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Global financial services firm Morgan Stanley is trying to get its name removed from the securities case of a New Jersey widow who lost her life savings in the Facebook IPOcalypse.

Uma Swaminathan filed an arbitration complaint with the Financial Industry Regulatory Authority (FINRA) looking for $1.9m compensation for the trading debacle. She named Morgan Stanley, Vanguard Financial Group, the NASDAQ exchange and its parent NASDAQ OMX and Facebook in her complaint, Reuters reported.

Swaminathan claims that Morgan Stanley, as the lead underwriter for the IPO, withheld the information that it was downgrading its outlook on Facebook. But the financial firm says she's not one of its customers, and that since she bought the shares through Vanguard, the arbitration has nothing to do with Morgan. The firm filed with a New York court to get its name off the case.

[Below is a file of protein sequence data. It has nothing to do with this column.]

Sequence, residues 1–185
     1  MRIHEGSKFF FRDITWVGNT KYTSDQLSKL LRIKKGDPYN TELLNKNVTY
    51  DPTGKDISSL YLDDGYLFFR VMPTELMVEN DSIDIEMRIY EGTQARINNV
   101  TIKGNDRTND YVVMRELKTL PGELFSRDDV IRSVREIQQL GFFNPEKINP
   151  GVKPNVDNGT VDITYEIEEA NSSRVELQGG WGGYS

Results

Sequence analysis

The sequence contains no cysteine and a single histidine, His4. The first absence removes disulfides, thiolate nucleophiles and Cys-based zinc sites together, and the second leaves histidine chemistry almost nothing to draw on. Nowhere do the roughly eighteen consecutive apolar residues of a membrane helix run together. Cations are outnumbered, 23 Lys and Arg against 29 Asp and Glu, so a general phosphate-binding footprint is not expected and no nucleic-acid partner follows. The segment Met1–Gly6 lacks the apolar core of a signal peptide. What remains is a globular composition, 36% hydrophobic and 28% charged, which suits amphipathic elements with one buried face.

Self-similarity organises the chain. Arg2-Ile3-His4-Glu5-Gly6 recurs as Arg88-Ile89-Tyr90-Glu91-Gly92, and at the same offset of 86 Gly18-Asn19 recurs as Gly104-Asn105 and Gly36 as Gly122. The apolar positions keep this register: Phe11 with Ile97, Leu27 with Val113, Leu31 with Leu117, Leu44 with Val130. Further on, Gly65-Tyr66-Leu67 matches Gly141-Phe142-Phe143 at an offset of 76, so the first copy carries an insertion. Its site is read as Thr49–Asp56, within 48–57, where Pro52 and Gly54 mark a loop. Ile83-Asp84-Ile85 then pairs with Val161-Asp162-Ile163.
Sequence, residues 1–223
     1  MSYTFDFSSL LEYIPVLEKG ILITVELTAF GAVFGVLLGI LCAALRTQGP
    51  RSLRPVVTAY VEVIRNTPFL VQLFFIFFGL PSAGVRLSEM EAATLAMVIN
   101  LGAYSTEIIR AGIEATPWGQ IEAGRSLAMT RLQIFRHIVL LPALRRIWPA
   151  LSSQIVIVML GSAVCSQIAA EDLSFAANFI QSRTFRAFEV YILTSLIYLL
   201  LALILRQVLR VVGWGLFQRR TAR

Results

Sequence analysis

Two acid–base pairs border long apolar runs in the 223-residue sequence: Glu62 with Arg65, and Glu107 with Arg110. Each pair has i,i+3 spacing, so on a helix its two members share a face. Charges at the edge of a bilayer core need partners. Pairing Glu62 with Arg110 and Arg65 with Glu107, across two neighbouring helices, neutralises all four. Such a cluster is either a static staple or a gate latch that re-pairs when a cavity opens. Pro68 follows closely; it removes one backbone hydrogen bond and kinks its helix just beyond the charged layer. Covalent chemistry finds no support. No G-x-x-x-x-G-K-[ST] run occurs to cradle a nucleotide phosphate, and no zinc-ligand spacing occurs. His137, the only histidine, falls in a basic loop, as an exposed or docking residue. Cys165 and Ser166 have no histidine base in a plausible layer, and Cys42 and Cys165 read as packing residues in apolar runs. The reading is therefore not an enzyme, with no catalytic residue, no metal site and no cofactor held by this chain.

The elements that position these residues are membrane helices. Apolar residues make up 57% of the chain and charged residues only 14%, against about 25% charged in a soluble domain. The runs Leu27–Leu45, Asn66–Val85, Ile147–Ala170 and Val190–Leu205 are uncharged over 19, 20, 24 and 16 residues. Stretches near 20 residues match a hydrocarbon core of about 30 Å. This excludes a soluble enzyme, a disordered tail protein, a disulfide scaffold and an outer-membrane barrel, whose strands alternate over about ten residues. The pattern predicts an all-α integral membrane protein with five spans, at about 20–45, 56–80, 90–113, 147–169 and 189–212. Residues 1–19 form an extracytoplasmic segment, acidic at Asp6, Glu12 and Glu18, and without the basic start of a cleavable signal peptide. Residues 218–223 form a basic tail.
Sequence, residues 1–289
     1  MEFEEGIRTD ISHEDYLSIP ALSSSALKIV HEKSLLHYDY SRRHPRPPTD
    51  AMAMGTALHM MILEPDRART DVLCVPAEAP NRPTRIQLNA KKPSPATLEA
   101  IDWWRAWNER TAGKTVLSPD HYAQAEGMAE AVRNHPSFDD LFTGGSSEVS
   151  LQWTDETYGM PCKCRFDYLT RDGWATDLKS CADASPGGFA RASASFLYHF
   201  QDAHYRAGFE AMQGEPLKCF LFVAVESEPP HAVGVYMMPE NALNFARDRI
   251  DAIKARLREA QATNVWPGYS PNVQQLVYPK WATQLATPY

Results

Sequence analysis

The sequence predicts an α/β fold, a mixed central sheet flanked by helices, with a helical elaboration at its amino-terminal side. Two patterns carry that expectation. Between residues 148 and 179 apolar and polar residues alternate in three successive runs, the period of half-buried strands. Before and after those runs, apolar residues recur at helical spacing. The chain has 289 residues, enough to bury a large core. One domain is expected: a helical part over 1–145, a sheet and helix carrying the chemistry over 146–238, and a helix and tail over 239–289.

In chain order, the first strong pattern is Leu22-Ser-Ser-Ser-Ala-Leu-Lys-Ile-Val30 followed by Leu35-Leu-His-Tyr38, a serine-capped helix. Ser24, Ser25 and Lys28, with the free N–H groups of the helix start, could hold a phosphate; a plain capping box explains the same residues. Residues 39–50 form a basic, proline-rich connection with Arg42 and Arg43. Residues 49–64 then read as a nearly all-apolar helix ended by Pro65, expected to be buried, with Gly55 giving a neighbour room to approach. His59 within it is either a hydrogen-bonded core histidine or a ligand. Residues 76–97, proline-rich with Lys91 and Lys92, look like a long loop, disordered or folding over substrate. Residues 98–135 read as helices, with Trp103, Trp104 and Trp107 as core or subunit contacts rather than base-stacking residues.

Neither Facebook nor NASDAQ are licensed by the financial authorities, so they are not required to take part in the arbitration. If Morgan Stanley gets out of the case, it could signal to investors that FINRA can't help them with Facebook-related complaints.

Facebook's debut in May was fraught with technical glitches, leaving investors unsure how much stock they'd bought and sold and at what price.

Swaminathan also blames her own brokerage as she claims that Vanguard didn't cancel her order for shares when she asked it to. In Morgan Stanley's case, Swaminathan said the firm informed only its own "privileged clients" that it wasn't as sure about Facebook as it had been, then issued more shares and raised the price to "suck more suckers into the stock".

She said she was "trapped" in the stock until Monday morning, when it had fallen to around $8 or $9 a share. She claims $1.9m, including $105,000 in compensatory damages, $500,000 punitive damages, $1m for "pain and suffering" and $315,000 in treble damages, awarded in instances of fraud. ®

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